Posted by: Ele Quigan | June 8, 2010

‘Starter for 10’, David Nicholls

Kierkegaard’s narrative. I know it. it’s basically ‘dick-lit’ – chick lit for men. Before you get all offended, let me explain…

In general, it runs as follows: An aimless young man drifts through life, obsessed with aesthetics, and seeking sexual fulfillment many women, yet never making real commitments to any of them. The climax of the story is the protagonist’s decision to commit to a single woman, and potentially to enter into marriage. Or as far as I see it, end all happy ever after.

Tony Parsons uses it. Nick Hornby uses it both excellent british writers – but wow, what a disappointment this was.

Yes first year uni changes you. You make new friends, you hope for new loves and aspire to have a new life. You leave people behind, make new choices – sometimes difficult ones. You try new things, have new experiences – but bloody hell it’s usually pretty interesting though right?

This book managed to make first year uni sound like a complete drag. Boring. Non-completeable.

Based around the premise of that wonderful english institution ‘University Challenge’ (if you’ve never seen it – there are loads of episodes on YouTube in all it’s glory.) I once got 4 questions right in an episode – which value higher than 8 on the trot while watching ‘Who wants to be a millionaire’ – but I digress…

Young man meets hot girl, hot girl joins university challenge team, boy joins to impress her. Nothing interesting ensues.

After the gloriousness of ‘One Day’ I was expecting complex characters, multi-layered humour, dark moments and lighter celebrations, but there was none of that within this. The protagonist annoyed me to the point where I was hoping there was no happy ending, that the love-interest female found her roots in some kind of lovely lesbian romp, leaving the protagonist distraught and hating women forever.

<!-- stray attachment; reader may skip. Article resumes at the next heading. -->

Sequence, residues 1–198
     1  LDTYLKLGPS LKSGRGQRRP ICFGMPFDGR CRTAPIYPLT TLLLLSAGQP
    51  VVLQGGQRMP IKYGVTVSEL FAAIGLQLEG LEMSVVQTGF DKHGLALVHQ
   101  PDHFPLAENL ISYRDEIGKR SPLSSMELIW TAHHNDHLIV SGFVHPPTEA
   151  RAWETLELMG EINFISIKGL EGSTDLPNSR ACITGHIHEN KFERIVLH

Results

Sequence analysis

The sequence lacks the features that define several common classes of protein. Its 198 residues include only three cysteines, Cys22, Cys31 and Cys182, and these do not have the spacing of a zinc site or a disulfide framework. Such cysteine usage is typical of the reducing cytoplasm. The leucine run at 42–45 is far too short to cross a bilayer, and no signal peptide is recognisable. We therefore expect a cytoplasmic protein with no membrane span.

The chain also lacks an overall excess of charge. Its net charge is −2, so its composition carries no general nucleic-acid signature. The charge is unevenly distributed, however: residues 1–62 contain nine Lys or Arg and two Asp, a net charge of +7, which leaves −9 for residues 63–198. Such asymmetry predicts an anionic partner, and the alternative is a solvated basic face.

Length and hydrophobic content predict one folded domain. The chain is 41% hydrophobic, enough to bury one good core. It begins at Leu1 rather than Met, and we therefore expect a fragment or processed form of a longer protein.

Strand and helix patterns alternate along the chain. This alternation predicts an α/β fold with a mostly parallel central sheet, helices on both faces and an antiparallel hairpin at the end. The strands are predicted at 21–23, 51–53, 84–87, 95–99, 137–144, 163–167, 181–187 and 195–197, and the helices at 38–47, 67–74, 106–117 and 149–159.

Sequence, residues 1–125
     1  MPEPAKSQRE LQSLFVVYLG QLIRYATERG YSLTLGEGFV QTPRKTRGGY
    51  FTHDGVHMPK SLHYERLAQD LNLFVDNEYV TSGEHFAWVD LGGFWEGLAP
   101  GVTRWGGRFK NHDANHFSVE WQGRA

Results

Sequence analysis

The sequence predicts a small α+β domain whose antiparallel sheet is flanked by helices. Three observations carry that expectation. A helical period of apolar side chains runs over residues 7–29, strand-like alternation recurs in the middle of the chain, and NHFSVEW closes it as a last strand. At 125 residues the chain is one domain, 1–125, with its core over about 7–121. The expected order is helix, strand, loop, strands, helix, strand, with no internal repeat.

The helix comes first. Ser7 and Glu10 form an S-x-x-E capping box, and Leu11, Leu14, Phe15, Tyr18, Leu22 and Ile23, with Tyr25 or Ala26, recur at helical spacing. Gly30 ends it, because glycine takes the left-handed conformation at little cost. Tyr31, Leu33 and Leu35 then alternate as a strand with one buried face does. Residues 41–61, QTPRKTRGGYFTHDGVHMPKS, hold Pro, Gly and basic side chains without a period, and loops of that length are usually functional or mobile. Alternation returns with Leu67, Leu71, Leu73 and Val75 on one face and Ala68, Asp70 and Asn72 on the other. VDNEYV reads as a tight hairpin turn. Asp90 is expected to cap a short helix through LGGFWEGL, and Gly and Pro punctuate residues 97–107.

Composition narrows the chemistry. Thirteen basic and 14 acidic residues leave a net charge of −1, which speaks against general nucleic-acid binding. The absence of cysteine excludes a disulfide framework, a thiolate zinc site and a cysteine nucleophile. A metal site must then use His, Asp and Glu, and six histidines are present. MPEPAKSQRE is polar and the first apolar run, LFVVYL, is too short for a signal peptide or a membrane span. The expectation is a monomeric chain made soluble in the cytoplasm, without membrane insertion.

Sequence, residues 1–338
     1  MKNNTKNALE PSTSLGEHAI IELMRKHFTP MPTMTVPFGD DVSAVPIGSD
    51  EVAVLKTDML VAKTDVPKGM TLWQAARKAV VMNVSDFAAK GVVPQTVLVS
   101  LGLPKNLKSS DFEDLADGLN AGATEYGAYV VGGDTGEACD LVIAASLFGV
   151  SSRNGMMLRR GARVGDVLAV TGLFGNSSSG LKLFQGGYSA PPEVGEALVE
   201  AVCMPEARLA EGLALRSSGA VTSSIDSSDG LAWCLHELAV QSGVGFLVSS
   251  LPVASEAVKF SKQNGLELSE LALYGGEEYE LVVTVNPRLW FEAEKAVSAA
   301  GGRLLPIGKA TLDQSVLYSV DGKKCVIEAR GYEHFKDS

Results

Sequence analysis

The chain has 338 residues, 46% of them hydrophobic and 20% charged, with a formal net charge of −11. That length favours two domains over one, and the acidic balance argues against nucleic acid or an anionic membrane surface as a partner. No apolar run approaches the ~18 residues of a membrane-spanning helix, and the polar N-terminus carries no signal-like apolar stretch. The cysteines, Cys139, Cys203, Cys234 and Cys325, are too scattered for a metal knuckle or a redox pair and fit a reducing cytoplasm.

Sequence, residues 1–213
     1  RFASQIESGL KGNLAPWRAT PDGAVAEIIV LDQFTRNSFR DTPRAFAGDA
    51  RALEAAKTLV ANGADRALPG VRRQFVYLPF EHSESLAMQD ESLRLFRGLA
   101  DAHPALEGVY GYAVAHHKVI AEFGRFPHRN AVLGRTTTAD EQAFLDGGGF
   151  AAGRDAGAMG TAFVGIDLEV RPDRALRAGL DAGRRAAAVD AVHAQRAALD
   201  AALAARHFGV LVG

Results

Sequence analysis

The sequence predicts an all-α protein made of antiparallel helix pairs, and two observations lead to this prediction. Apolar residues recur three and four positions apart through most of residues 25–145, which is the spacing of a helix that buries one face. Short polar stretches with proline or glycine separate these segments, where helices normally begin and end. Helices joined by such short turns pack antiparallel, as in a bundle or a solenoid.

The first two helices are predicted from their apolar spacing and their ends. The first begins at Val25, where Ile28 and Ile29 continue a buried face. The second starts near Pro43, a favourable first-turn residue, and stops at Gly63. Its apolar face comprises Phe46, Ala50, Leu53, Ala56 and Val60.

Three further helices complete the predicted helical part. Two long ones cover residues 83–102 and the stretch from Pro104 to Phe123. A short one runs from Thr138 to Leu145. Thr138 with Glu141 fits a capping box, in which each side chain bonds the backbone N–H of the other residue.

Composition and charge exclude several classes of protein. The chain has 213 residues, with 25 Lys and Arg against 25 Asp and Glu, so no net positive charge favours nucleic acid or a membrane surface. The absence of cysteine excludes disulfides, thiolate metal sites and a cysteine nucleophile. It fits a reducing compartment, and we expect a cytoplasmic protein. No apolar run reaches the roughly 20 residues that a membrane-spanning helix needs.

It’s one dimensional, with any smidge of deeper plot quashed in happy-go-luckyness. It’s almost like the topics of abortion, mums new boyfriend, and dads death are given their single sentence to show some sense of emotional intelligence and attempt somehing more complex – but that’s just it – it’s only ever an attempt, and a fairly pathetic one at that.

There is also one final crime that the publisher committed in releasing this terrible novel.

The font.

I have a pet hate of books that use too large type to bulk out the number of pages. I’m sure it was at least 12pt – ridiculous. I’d rather a slim novella rather than a book that has large type to make it look like a real novel while you’re sitting on tube/bus. Believe me, I am judging you, if I look over your shoulder to check out what you’re reading and catch a glimpse of 12 pt gill sans…

I guess a few people liked this novel, but it just wasn’t for me, I far prefer a dose of the wonderfully sarcastic and often dark Nick Hornby to satisfy my ‘dick lit’ needs.

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